|JSE||All-share||Top40||Mid cap||Small cap|
The JSE all-share and Top 40 indices have seen a negative quarterly performance giving up 3.15% and 3.90% respectively. The marginal outperformance of the all-share index relative to the Top 40 index reflects the investor search for growth outside of the “Blue Chip” realm, as valuations particularly in the industrial sector remain high and structural and macro issues persist within the resource space.
Weakness has been broad-based with the major JSE sectors all declining over the period. Resource counters have led the decline, as concerns mount over Chinese demand while a robust dollar (amidst the monetary tightening theme in the U.S.) further pressured commodity prices.
Heavyweight platinum counters, notwithstanding the aforementioned negative catalysts, reflected the impact of this year’s prolonged strike as earnings were severely impacted in results reported. Despite impressive operational efficiencies from the likes of BHP Billiton, increased production has done little to meaningfully increase profitability from iron ore as the steelmaking ingredient remains in oversupply as Chinese inventories sit at record levels.
Industrial counters have been weighed down by lacklustre earnings particularly in the retail department. Slower than expected growth from the likes of Compagnie Richemont and Shoprite Holdings, while Massmart shows a decline in headline earnings and Woolworths started to price in equity dilution have weighed on the bourse.
Financials have outperformed as insurers results highlight the benefit from a low claim season due to “favourable” weather, asset managers reflect compounded gains in equity markets and banks (for the most part) have reported stable earnings. The marginal sector decline would have been impacted by the failure of micro lender African Bank Limited, which has subsequently been suspended from trade on the JSE and is currently being restructured with the help of the South African Reserve Bank (SARB).
The rand has depreciated 6.2% against the US dollar over the three month period. Significant weakness was realised on the last day of the quarter as the SARB reported a wider than expected trade deficit of R16.3 billion. News that Reserve Bank governor Gill Marcus would be stepping down at the end of her term also had a noticeable impact on our local currency, although in truth, most of domestic currency weakening against the dollar has been on the anticipation of U.S. monetary tightening.
The rand has outperformed the euro as the two economies find themselves at the opposite end of the rate cycle. While the SARB remains at the early stages of the monetary tightening, the European Central Bank (ECB) remains committed to monetary easing with the aim of spurring growth and avoiding a deflationary economic environment.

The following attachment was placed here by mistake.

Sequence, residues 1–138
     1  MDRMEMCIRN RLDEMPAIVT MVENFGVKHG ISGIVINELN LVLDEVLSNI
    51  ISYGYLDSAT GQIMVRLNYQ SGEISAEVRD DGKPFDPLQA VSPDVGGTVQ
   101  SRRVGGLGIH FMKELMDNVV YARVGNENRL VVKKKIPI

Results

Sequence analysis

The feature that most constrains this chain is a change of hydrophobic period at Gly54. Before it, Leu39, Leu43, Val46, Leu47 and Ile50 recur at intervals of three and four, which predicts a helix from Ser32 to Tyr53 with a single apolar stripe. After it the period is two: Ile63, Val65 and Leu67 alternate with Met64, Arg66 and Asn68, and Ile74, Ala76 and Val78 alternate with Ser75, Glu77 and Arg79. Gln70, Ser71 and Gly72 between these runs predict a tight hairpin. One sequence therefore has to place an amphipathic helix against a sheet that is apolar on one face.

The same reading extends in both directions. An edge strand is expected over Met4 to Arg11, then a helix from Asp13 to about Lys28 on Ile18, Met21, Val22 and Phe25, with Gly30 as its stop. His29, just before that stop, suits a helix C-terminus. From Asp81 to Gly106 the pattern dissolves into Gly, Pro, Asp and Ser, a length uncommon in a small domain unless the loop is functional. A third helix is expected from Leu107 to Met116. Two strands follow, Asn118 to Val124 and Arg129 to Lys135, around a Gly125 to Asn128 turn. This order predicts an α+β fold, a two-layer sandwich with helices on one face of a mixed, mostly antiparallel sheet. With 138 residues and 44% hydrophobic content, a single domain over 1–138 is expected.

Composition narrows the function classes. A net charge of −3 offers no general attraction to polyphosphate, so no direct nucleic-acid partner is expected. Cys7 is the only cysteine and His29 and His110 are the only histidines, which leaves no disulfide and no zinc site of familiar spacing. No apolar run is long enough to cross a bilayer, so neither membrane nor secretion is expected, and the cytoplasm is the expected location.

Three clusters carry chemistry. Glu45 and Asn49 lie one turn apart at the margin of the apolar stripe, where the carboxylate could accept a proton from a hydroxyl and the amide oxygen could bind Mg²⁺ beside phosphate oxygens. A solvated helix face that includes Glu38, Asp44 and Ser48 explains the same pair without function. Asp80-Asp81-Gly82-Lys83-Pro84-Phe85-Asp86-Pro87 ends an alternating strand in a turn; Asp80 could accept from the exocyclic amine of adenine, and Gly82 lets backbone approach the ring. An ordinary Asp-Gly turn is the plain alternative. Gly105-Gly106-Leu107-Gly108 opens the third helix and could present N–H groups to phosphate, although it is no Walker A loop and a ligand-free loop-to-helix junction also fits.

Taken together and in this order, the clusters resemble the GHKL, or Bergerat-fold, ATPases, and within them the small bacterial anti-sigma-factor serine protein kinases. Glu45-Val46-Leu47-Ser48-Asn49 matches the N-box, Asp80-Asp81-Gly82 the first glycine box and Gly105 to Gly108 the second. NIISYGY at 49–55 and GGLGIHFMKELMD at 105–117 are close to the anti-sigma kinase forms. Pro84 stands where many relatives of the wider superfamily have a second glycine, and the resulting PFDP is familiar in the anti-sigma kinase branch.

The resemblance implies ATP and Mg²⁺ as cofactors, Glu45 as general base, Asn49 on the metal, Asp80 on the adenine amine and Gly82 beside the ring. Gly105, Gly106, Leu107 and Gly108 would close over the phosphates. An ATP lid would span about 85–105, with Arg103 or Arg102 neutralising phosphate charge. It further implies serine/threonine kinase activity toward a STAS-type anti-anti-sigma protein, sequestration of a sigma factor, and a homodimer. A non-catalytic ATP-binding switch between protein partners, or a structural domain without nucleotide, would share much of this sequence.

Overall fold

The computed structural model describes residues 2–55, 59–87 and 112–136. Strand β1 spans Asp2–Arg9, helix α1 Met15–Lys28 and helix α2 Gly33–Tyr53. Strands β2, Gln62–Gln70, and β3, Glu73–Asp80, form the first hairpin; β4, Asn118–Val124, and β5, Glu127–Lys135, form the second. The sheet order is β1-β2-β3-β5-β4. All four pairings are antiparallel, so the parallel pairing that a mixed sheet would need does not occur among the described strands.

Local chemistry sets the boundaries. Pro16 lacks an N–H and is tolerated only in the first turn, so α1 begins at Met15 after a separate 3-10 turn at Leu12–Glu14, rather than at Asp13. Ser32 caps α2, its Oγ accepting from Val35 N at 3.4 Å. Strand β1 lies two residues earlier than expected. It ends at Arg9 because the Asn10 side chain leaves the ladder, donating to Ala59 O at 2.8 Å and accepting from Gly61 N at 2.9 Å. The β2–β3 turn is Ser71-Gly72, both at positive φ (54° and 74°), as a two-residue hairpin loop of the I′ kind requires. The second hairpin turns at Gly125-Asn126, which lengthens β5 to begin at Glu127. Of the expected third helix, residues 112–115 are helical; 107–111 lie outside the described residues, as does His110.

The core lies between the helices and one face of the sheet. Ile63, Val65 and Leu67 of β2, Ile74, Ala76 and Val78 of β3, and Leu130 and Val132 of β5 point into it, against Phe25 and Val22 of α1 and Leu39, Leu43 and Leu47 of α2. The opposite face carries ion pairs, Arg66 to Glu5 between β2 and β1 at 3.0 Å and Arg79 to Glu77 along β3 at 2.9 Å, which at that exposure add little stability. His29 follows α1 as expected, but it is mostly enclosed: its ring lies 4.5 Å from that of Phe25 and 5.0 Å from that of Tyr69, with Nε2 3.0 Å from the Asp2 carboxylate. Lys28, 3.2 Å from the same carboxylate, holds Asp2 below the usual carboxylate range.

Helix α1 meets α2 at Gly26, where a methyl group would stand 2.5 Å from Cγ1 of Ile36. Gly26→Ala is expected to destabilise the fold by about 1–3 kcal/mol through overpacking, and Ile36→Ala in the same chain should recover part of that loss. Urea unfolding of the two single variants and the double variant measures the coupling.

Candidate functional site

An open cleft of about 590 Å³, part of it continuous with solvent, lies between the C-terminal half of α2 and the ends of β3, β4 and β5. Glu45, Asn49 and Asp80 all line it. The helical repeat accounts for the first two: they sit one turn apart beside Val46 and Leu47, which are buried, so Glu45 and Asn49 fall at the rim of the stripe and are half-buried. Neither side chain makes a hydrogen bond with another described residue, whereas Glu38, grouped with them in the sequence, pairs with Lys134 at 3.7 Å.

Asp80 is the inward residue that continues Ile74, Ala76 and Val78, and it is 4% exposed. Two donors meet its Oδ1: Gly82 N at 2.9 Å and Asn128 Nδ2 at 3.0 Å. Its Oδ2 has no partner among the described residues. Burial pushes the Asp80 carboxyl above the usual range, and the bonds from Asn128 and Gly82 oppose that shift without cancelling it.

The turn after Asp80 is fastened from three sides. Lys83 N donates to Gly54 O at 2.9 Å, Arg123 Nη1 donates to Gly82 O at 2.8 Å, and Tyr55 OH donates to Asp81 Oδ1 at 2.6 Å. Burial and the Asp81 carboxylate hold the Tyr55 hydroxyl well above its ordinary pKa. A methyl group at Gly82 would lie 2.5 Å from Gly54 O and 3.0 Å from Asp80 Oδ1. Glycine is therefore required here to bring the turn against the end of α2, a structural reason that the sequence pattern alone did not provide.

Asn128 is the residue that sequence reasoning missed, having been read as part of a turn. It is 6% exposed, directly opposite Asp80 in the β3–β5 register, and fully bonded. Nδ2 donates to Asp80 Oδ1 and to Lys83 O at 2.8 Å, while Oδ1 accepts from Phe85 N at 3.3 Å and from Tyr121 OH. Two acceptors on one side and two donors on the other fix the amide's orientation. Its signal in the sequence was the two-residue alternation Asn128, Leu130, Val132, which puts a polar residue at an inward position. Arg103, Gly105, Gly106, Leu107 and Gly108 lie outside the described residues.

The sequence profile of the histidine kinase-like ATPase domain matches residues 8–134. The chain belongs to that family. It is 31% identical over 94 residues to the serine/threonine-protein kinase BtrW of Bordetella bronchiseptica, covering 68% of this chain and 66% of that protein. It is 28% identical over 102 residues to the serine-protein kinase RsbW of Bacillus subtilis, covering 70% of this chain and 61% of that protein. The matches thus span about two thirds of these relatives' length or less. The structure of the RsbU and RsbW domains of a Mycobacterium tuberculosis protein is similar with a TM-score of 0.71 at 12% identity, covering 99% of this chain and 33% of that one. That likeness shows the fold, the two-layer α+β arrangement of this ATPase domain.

|Commodities||$ Gold||$ Platinum||Brent|
Commodity prices remain under pressure largely due to dollar strength as the U.S. Federal Reserve Banks’ current asset purchasing program draws to a close. Investors now focus on the timeline relative to when interest rates will start to rise. With economic data out the region mostly positive (GDP q/q +4.6%, Unemployment rate 6.2%) the expectation for the tightening cycle has drawn nearer, continuing the greenback support.
Renewed concerns of a slowdown in the second largest economy in the world, China, have added to woes in the resource department. Third quarter GDP for the region now sees consensus estimates predicting growth of 7.3% which would equate to a multi-decade low and below the Peoples Bank of China’s (PBOC) targeted 7.5% growth.
Although the third quarter has had little to cheer about, in terms of market gains, seasonality suggests that the final quarter could see some relief. Since 2009, fourth quarter gains on our local blue chip index have averaged more than 9%. In the short-term, depressed state of our market, positive catalysts or the reduction of negative factors (such as geo-political tensions) have the increased ability to exaggerate gains.
In quarter 4, attend one of our free trading seminars and with the help of our experts refine your trading strategy:
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Source: INET BFA, as of 26/09/2014
The double top double bottom reversal is a bullish pattern that can be found on bar charts, line charts as well as candlestick charts. The reversal pattern demonstrates a share’s attempt to continue an existing trend. After several attempts to move higher, the trend is reversed and a new trend begins.
The pattern is made up of two consecutive troughs that are roughly equal, with a moderate peak in-between, often resembling a “W” for a double bottom and an “M” for a double top.
Watch the video to learn more about the double top reversal pattern.
You should consider whether you understand how CFDs work, and whether you can afford to take the high risk of losing your money. CFDs are complex instruments and come with a high risk of losing money rapidly due to leverage.